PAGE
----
Another year, another GDC. This time, GDC was back as a regular event. However, this year they also kept the virtual branch of the conference, so those who can’t attend for whatever reason (health issues, budget, travel restrictions) can still attend. Having said this, I need to point out that we needed a pandemic for this event to open a virtual branch for people around the world.
I was able to attend virtually, thanks to some organization that provided free passes to developers in Latin America. This is the third time I attend a virtual GDC, but I think this time the virtual GDC was given less attention, or had less preparation than the previous year, because not all sessions were available to watch online, and some of them had to be watched “on delay”, meaning that the session was not streamed in real time, but rather available at a later time (usually the next day) on the virtual platform. This was a problem if you had questions about the talk, because you’d need to contact the speaker through a different mean after you watch the talk (real-time streamed talks had a chat for questions).
As usual, the sessions covered different topics, from technical topics and business, to more artistic topics. This year they also had some talks related to blockchain games and NFTs, but they were not available in real time so I will have to watch them after, since I am interested on that topic.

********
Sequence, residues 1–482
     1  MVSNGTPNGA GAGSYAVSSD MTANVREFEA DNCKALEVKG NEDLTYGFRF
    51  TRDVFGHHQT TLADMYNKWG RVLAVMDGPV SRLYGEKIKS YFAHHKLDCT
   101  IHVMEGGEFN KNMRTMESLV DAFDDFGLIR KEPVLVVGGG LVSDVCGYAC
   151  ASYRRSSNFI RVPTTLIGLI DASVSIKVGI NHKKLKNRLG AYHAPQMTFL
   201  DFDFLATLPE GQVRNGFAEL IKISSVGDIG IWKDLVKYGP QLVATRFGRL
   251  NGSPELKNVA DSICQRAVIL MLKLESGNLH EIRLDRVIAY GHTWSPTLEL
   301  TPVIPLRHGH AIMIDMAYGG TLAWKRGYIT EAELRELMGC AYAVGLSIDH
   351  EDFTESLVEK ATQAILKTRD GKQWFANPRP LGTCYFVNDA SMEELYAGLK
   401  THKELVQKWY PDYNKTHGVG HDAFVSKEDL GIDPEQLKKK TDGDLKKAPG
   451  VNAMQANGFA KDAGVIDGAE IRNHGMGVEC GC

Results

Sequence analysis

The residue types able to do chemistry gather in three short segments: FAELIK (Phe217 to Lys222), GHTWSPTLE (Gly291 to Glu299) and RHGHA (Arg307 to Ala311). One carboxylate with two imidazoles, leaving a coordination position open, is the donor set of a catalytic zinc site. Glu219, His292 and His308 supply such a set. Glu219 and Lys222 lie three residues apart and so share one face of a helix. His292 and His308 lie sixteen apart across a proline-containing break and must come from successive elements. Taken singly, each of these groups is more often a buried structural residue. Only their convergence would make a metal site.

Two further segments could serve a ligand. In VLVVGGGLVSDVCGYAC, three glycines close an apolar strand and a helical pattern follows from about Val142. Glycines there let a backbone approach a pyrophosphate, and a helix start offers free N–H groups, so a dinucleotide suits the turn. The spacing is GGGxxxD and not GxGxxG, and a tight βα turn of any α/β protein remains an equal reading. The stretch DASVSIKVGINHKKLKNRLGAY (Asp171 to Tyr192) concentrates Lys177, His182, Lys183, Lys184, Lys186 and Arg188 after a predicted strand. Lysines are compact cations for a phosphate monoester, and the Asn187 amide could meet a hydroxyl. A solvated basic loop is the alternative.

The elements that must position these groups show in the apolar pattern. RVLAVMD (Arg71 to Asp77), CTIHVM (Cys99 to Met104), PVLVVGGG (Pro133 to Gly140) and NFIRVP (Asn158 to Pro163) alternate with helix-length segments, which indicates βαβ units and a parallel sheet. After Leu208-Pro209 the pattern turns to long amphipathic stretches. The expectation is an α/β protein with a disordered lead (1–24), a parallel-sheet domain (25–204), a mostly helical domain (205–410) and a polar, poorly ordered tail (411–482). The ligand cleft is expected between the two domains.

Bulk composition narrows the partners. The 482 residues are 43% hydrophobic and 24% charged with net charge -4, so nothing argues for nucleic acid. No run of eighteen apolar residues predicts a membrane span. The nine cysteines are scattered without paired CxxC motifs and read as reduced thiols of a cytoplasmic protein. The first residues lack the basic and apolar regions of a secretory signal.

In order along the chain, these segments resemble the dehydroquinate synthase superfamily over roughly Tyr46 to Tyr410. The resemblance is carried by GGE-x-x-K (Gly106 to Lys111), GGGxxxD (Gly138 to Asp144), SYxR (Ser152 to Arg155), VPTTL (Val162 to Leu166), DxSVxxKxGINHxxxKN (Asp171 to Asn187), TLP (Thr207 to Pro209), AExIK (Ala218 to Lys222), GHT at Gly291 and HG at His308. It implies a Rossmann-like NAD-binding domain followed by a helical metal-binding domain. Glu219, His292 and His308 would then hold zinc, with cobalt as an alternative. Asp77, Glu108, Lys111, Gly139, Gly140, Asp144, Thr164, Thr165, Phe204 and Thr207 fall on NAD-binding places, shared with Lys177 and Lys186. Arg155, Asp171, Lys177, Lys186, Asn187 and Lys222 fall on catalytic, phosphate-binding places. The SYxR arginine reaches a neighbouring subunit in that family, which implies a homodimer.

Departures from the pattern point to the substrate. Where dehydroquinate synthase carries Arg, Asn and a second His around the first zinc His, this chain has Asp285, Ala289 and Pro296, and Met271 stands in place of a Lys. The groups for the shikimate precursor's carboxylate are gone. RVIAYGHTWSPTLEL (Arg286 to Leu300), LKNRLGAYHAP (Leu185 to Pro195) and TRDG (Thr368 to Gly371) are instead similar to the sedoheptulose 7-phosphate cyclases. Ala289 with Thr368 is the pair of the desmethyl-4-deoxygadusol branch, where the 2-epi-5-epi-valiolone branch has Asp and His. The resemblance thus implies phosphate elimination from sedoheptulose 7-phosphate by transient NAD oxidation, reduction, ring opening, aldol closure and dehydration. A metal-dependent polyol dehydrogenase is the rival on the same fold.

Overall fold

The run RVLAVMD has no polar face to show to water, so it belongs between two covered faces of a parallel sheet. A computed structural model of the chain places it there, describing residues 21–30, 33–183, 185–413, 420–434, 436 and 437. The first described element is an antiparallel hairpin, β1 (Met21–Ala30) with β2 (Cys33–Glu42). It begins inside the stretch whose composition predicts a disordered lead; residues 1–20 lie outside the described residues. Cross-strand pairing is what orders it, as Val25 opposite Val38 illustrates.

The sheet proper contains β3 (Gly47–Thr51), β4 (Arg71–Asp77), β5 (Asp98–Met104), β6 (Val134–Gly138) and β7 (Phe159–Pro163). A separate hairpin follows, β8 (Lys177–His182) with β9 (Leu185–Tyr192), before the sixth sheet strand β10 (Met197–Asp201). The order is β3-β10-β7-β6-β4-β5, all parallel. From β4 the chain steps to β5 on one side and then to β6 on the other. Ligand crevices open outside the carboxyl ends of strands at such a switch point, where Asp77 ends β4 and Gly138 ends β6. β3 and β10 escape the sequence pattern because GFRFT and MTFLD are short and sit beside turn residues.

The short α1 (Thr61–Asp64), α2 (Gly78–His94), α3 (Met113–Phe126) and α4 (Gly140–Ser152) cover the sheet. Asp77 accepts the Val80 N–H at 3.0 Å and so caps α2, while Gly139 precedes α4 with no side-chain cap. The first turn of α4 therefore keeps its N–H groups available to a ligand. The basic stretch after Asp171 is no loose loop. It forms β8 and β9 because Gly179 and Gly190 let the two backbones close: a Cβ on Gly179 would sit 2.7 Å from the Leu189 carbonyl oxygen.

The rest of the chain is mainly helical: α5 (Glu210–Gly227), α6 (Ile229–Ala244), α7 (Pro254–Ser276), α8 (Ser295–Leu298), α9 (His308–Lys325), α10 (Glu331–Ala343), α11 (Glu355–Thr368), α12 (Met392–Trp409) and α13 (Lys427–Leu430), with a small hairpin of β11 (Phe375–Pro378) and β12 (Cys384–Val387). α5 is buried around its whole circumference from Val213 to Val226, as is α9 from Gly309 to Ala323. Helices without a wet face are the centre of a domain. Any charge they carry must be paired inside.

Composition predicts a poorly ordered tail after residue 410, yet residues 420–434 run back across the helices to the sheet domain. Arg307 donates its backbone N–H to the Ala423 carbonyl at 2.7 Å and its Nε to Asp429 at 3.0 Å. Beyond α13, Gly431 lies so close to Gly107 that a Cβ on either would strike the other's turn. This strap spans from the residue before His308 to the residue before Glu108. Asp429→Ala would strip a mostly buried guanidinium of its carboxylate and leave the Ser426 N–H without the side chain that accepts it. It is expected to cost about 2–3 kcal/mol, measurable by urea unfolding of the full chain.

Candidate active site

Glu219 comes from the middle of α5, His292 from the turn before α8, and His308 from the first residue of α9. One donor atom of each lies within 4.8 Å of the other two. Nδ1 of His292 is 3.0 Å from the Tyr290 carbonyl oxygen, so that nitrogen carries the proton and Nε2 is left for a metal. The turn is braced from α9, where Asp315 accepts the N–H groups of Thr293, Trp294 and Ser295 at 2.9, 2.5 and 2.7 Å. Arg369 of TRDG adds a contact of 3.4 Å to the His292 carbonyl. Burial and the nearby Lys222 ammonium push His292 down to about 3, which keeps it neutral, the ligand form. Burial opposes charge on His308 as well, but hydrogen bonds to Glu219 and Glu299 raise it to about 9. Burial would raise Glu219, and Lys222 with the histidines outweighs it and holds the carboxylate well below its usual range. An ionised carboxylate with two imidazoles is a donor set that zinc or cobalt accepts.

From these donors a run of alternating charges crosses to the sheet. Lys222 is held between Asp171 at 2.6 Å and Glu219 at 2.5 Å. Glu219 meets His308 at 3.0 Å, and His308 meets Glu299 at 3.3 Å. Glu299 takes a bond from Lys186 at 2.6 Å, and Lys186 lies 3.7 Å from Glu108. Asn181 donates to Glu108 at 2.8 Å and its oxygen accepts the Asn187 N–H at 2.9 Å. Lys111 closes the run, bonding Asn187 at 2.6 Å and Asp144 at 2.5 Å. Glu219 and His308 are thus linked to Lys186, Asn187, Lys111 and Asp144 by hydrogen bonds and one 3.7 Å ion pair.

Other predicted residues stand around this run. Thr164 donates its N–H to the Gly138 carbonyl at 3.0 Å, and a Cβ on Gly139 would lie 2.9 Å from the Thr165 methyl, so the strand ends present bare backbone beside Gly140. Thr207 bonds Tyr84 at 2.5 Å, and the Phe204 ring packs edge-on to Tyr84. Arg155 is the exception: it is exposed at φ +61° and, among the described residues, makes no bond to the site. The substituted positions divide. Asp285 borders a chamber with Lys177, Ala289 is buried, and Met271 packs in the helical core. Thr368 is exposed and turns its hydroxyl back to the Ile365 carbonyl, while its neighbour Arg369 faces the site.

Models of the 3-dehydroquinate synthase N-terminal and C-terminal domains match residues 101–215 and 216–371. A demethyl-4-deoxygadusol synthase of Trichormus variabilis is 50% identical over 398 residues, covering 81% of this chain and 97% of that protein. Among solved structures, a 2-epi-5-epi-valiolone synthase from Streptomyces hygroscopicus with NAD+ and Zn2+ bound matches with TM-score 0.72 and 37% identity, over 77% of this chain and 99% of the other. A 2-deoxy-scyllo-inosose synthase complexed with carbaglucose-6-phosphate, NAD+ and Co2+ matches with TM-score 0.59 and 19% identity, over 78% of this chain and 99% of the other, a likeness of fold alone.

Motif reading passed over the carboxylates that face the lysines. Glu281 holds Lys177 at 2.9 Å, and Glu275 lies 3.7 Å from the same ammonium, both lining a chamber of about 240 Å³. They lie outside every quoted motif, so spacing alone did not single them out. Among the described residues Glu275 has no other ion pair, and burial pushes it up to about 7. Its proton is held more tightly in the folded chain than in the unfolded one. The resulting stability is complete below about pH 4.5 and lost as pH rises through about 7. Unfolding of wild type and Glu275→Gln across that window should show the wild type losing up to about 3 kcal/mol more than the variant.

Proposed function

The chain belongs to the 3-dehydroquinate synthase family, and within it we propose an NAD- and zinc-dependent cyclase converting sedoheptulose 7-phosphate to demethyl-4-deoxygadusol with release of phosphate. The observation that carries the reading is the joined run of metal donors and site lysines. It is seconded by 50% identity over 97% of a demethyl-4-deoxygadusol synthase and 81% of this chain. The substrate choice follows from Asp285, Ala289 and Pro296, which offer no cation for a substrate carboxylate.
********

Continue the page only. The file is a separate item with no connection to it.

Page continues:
One thing I liked is how the event was also open to have speakers stream their presentations rather than being there. This was very useful since, up until 2019, you could only speak at GDC if you went there (covering your own travel and expenses, I might add, since GDC doesn’t offer any kind of monetary incentives to the speakers).
The virtual platform also had this “virtual networking area” that you could join and interact with others. However, I didn’t really go there so I don’t know how it worked.
I hope this virtual branch is kept, and that improves next year. Keeping the virtual GDC is not just good, it’s necessary, and in all honesty it’s somewhat late, if you ask me. For quite a few years the videogames industry has expanded a lot around the world, there are a lot of emerging industries in various countries, but not everybody can afford to go there (for example, a trip to GDC from my country equals 6.25 local monthly minimum wages). The industry, and GDC, talk a lot about inclusivity, but inclusivity also means being open to those who can’t afford to travel and spend one week in one of the most expensive cities of the world.